Tributes have been paid from across the political spectrum to former cabinet minister Dame Tessa Jowell following her death on Saturday night, with Theresa May describing her as “inspirational”.
Dame Tessa, who was 70, was diagnosed with a glioblastoma multiforme brain tumour in May last year, suffered a haemorrhage on Friday and had been in a coma until her death on Saturday, a spokesman for the family said.
The Prime Minister tweeted: “The dignity and courage with which Dame Tessa Jowell confronted her illness was inspirational. My sympathies to her loving family – Dame Tessa’s campaigning on brain cancer research is a lasting tribute to a lifetime of public service.”
A popular figure in Parliament, Dame Tessa played a major role in securing the 2012 Olympics for London when she served as culture secretary.
She also championed the SureStart initiative, which aimed to give children the best possible start in life through improvements and better access to child care, early education, health and family support.
Dame Tessa moved fellow peers to tears in recent months as she used the Lords as a platform to discuss her condition and call for patients to have better access to experimental treatment.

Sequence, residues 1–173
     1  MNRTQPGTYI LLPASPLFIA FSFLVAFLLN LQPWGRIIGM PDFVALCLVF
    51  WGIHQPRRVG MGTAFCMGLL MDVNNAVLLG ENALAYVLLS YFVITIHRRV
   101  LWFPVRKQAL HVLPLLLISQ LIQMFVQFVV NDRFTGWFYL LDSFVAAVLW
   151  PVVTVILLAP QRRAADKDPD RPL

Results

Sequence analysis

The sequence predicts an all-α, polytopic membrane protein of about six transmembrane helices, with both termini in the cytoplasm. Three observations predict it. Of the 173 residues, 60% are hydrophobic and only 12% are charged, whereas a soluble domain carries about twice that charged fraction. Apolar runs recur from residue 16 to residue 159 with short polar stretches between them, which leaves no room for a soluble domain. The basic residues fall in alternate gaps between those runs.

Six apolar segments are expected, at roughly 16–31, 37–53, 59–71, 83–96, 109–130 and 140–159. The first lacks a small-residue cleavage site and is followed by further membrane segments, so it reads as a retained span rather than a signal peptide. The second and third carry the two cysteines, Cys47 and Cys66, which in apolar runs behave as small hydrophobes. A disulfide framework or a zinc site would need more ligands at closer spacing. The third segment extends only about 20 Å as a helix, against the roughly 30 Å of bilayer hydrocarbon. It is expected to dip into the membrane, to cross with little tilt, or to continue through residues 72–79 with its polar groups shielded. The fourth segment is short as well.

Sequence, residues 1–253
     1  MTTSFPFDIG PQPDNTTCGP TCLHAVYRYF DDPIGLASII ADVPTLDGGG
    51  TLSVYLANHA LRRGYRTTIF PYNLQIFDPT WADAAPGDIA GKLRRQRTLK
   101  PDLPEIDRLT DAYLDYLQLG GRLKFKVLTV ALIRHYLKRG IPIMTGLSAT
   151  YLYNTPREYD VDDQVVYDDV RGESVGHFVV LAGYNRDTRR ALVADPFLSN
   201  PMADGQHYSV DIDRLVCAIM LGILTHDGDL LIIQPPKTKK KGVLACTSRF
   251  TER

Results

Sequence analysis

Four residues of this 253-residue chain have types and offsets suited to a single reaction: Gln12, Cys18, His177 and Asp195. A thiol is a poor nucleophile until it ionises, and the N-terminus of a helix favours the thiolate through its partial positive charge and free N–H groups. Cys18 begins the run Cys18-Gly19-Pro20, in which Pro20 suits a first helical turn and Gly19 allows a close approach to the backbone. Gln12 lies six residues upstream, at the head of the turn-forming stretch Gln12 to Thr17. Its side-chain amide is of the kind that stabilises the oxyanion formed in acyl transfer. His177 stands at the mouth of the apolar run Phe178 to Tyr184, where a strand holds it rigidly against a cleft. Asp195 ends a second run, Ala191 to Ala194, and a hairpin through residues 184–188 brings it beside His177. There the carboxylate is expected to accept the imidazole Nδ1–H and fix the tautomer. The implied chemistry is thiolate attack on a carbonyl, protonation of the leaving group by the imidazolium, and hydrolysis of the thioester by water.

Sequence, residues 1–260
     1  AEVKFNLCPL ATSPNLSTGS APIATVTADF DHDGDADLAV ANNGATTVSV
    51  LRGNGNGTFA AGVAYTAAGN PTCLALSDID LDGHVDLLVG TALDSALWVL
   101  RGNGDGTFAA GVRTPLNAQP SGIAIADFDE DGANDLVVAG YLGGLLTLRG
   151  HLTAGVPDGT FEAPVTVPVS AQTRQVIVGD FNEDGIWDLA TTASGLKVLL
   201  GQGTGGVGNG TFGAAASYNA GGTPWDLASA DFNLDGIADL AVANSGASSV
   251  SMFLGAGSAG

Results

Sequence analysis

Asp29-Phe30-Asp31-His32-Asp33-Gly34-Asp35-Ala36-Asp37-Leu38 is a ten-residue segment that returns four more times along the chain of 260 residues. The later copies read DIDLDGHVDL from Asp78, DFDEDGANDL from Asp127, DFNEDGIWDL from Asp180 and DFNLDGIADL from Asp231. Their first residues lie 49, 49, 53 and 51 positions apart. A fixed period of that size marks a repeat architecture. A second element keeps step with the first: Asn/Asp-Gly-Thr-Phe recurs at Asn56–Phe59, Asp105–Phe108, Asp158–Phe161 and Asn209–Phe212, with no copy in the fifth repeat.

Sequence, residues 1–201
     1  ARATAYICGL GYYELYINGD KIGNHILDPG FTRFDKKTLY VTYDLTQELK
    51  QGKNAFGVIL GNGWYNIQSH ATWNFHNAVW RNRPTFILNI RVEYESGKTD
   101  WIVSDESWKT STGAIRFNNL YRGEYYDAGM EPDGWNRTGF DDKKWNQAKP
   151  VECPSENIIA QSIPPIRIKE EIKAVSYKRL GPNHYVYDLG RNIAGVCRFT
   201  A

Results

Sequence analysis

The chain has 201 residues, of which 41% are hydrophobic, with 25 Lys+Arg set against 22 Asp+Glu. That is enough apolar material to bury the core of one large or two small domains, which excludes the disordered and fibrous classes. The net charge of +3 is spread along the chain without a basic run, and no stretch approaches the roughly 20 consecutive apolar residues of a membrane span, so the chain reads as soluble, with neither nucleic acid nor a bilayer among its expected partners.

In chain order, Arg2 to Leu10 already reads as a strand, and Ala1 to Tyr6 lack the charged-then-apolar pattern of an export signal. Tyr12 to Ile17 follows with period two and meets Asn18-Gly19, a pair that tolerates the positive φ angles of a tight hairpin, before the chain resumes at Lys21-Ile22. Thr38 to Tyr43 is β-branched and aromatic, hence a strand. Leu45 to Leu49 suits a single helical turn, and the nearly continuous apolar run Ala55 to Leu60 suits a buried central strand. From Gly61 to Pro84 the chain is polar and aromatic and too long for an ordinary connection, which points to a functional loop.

Labour leader Jeremy Corbyn said he was devastated at the news of Dame Tessa’s death, adding: “Her strength in raising awareness of her illness and fighting for better treatment for others inspired us all.”
Sir Menzies Campbell, former Liberal Democrat leader and member of the Olympic Board which had oversight of London 2012, said Dame Tessa was “regarded with both admiration and affection”.
He said: “She was universally popular and respected among politicians of all parties. She will be remembered for many things, but for those with an interest in sport, her crowning achievement was to bring the Olympic Games to London in 2012. Throughout her illness she behaved with quite remarkable courage.”
Former Prime Minister Tony Blair said: “Tessa had passion, determination and simple human decency in greater measure than any person I have ever known. She was an inspiration to work with, and a joy to be near. She was the most wise of counsellors, the most loyal and supportive of colleagues, and the best of friends.
“What she achieved was remarkable. She was the first senior politician fully to understand the importance of public health and to shift health policy towards prevention of illness and not only cure. She was the instigator of SureStart and in the process gave hope and opportunity to hundreds of thousands of children. She brought the 2012 Olympics and Paralympics to London, and ensured their success.”